CHAPTER XVII. THE CONDITION OF MACEDONIA.
The Different Parties - Decrease of the Moslem Population - Nationality not a Matter of Race - A Hotbed of Intrigue - The Macedonian Committees - Austria and Russia as Watchdogs - Greece the Tool of the Sultan - Where the Future of the Balkans is Likely to be Decided
IT has been pointed out that there is no distinct race that can be called Macedonian. Roughly the population is about 2,000,000. A third of these are Turks. Of the remaining two-thirds Sofia will tell you the tremendous majority are Bulgars; Athens assures you the preponderance is with the Greeks, whilst both Belgrade and Bukharest have a claim for Servians and Roumanians.
Servians and Roumanians do not count, and one is not far wrong in saying Bulgars and Greeks are about equally divided. In the thousands of villages which dot the country, some Bulgar, some Greek, some Turkish, some mixed, the different races and people of different religions live amicably until politics are brought along to stir ambitions and jealousies, Bulgars and Greeks against each other and the Turks against both.
The industrious qualities of the Bulgar and Greek and the natural indolence of the Turk have an effect on the population. By some people the decrease of the Moslem population is ascribed to the gross immorality of the modern Turk. Personally, I think
he is yielding to the pressure of a superior race, particularly the Bulgarian. I heard allegations made, especially at Monastir, that the Turks kidnap Christian children and bring them up as Mahommedans. There is a well-known case where a soldier sold a couple of children in the market-place for four shillings. They were bought by a Bulgarian Christian who knew them to be the little ones of an acquaintance who had been massacred. There was an uproar by correspondents. Christian consuls were indignant; newspaper writers brought tears to the eyes of Christians at home with the pathetic stories they had to tell. Anyway, the authorities gave instructions that no more Christian children were to be brought to Monastir, but were to be sold in the villages "where there are no prying consuls or correspondents."
Very roughly I have given equal division to Greeks and Bulgarians of the Christians in Macedonia. By doing so I lay myself open to severe, and, I do not deny, legitimate criticism. For there is nothing more difficult than to say any particular Macedonian village is Bulgarian or Greek. There are Bulgarians who speak Greek, Greeks who speak Bulgarian. There are Bulgarians who speak Bulgarian but belong to the Greek Orthodox Church and are counted Greek in nationality, and there are Greeks speaking Greek who belong to the Exarchist Church and thus are Bulgarian in nationality. Even with this confusion it might after a time be possible to say, "This village is Greek and that village Bulgarian." But people who call themselves Greek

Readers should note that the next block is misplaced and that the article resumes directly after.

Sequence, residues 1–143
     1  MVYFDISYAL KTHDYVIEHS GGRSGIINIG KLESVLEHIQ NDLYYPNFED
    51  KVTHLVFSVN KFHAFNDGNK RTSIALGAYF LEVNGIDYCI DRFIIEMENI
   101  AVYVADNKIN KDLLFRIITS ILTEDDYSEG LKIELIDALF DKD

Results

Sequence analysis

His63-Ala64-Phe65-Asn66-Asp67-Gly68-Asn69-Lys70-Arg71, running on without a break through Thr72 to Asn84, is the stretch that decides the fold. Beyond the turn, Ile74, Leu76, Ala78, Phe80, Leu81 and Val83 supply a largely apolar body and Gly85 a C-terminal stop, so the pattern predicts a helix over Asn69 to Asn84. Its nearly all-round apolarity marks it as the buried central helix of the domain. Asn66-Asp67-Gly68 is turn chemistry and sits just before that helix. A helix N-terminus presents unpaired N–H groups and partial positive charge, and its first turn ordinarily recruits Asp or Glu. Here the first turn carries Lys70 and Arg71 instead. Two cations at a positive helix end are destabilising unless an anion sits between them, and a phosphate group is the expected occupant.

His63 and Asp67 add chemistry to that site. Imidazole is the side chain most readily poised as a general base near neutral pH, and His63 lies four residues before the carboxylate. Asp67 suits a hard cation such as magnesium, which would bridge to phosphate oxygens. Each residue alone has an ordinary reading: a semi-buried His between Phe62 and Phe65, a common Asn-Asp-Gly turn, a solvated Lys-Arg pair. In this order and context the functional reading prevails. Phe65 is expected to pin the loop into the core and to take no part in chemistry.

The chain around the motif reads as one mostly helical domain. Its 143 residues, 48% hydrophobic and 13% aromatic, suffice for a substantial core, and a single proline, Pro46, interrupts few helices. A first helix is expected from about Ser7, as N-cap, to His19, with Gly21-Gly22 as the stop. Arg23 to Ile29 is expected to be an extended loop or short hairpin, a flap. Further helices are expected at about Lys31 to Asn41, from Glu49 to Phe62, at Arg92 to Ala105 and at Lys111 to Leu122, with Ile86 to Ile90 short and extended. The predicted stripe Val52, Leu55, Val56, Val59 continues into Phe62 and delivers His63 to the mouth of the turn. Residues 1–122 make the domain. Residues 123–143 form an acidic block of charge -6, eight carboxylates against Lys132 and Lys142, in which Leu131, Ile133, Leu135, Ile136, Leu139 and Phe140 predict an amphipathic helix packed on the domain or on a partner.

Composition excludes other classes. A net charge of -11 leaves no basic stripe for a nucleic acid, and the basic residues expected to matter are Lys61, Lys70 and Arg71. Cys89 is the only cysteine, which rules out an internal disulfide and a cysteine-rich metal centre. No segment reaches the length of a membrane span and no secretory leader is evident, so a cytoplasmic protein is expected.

this week will swear they are Bulgarians next week.
Nationality in Macedonia is a matter of fear, politics, and religion. Race has comparatively little to do with it. Language does not help you much, because most Macedonians are bilingual, and they change their tongue when they change their party. Again, you meet peasants with Hellenic or Bulgarian sentiments who can speak nothing but Turkish.
So, while for convenience sake we say the Christian bitterness is between Bulgarians and Greeks - meaning the Bulgar and Hellenic races who receive support from Sofia and Athens - we must make the endeavour to remember, in examining the Macedonian mess, that the country is not so much divided into rival peoples as into hostile parties. When, therefore, I speak of equal division between Bulgars and Greeks I have race in my mind and not the numbers of those who are totalled up as supporters of one propaganda or another.
This being so, no country should be easier to govern than Macedonia. The rivalry for predominance ought to have made the task of balancing claims and yielding to neither quite simple. But the Turk breaks down in administration.
The only thing that happened was that by oppression everybody was made discontented, Macedonian Turks as well as Macedonian Christians. The downtrodden Turks had nobody to appeal to. The Christians had ears tuned to listen to the revolutionary talk of the Komitaji, Bulgarian and Greek, who, under the plea of safeguarding their Christian